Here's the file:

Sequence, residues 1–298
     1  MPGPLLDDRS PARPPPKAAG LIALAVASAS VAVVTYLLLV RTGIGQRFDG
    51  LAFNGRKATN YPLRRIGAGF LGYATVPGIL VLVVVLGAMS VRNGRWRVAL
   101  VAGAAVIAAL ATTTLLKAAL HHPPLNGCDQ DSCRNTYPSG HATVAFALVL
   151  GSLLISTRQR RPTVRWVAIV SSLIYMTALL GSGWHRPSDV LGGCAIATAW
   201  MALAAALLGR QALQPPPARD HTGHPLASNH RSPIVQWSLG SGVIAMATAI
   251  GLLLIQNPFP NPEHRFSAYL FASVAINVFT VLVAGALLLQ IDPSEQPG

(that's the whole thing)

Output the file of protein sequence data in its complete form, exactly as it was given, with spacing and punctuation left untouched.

Sequence, residues 1–298
     1  MPGPLLDDRS PARPPPKAAG LIALAVASAS VAVVTYLLLV RTGIGQRFDG
    51  LAFNGRKATN YPLRRIGAGF LGYATVPGIL VLVVVLGAMS VRNGRWRVAL
   101  VAGAAVIAAL ATTTLLKAAL HHPPLNGCDQ DSCRNTYPSG HATVAFALVL
   151  GSLLISTRQR RPTVRWVAIV SSLIYMTALL GSGWHRPSDV LGGCAIATAW
   201  MALAAALLGR QALQPPPARD HTGHPLASNH RSPIVQWSLG SGVIAMATAI
   251  GLLLIQNPFP NPEHRFSAYL FASVAINVFT VLVAGALLLQ IDPSEQPG